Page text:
People living and radicalized inside the United States and Europe pose the greatest danger to their countries, US terror experts say.
Those who decide to undertake solo attacks, like the two recently in New York City, are almost impossible to detect in advance, several experts told the AFP.
“In France, the US, or elsewhere, there certainly won’t be any more large attacks planned from abroad like those of November 13, 2015 in Paris,” said Marc Sageman, a former CIA agent and terror expert, referring to the alleged ISIL operation that left 130 dead.
Neither Akayed Ullah, the Bangladeshi immigrant who tried to blow up a New York subway station last week, nor Sayfullo Saipov, an Uzbek who drove a truck into pedestrians on a New York bike path on October 31, killing 8, had any evident contact with foreign extremist groups aside from watching their propaganda videos.
Self-radicalized attackers who completely unknown to authorities are the main threat countries face today, experts say.
While returning ISIL terrorists are definitely a threat, “it’s not a primary concern,” said Albert Ford of the New America think tank in Washington, DC.
According to data by New America, 85 percent of the 415 people accused of terrorism in the United States since the September 11, 2001 attacks have been US citizens. Of them, 207 were native-born citizens.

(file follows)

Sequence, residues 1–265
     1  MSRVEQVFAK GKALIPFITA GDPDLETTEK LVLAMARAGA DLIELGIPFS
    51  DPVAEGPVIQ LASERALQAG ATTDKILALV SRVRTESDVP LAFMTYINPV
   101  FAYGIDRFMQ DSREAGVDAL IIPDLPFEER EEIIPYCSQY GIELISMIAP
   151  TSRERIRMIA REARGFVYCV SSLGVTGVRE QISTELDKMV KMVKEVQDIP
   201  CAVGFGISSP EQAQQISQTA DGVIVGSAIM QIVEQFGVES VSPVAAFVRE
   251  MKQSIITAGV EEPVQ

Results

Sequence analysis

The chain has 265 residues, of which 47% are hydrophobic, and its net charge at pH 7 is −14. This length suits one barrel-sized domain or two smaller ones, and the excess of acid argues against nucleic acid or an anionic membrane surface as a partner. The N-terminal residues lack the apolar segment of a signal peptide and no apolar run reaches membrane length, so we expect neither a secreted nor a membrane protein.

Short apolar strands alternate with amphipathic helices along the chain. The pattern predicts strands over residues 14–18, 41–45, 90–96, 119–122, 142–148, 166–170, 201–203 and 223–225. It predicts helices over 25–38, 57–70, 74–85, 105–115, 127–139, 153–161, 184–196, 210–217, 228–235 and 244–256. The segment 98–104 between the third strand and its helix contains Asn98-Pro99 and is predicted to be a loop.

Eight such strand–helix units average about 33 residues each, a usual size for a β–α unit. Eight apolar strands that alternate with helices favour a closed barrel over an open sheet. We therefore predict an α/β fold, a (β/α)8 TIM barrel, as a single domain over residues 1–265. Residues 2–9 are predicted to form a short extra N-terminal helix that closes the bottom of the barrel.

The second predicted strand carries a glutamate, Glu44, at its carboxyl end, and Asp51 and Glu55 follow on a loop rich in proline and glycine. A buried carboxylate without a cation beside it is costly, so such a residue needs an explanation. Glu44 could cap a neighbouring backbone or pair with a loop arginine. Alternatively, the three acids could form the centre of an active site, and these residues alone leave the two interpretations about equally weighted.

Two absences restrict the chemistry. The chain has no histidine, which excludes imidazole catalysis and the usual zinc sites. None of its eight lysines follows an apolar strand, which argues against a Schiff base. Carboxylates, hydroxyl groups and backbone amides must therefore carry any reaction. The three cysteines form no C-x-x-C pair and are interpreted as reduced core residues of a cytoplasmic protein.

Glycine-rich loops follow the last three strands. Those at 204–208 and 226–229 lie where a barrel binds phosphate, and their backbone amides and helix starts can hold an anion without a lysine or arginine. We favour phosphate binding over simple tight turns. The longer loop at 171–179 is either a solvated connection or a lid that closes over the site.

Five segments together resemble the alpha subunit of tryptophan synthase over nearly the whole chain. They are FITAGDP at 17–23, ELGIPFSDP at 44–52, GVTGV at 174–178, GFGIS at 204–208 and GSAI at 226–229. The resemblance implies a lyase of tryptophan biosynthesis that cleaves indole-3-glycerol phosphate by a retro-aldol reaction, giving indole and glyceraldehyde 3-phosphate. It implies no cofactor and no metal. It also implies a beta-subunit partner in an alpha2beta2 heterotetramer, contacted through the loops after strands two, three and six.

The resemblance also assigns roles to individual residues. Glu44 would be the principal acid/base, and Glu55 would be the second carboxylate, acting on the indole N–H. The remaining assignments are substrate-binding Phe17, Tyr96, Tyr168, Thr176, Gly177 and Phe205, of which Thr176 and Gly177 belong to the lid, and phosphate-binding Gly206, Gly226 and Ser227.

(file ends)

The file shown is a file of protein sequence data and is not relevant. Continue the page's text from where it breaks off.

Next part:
They also were not known to law enforcement: only one fourth had a police record.
“None of the deadly [extremist] attacks in the United States since 2014 had a known operational connection to ISIS or its networks,” a New America report says, using another acronym for ISIL.
In the US and Europe, homegrown attacks “are obviously the most dangerous,” echoed Thomas Sanderson of the Center for Strategic and International Studies’ Transnational Threats Project.
The US government’s military operations abroad have been the main motivation behind instances of “homegrown” terrorism in America over the past years, according to a secret study by the Federal Bureau of Investigation (FBI).
The study, which was released by the FBI’s counter-terrorism division in last year, surveyed intelligence experts and special agents who were working on over 200 cases linked to “homegrown violent extremists,”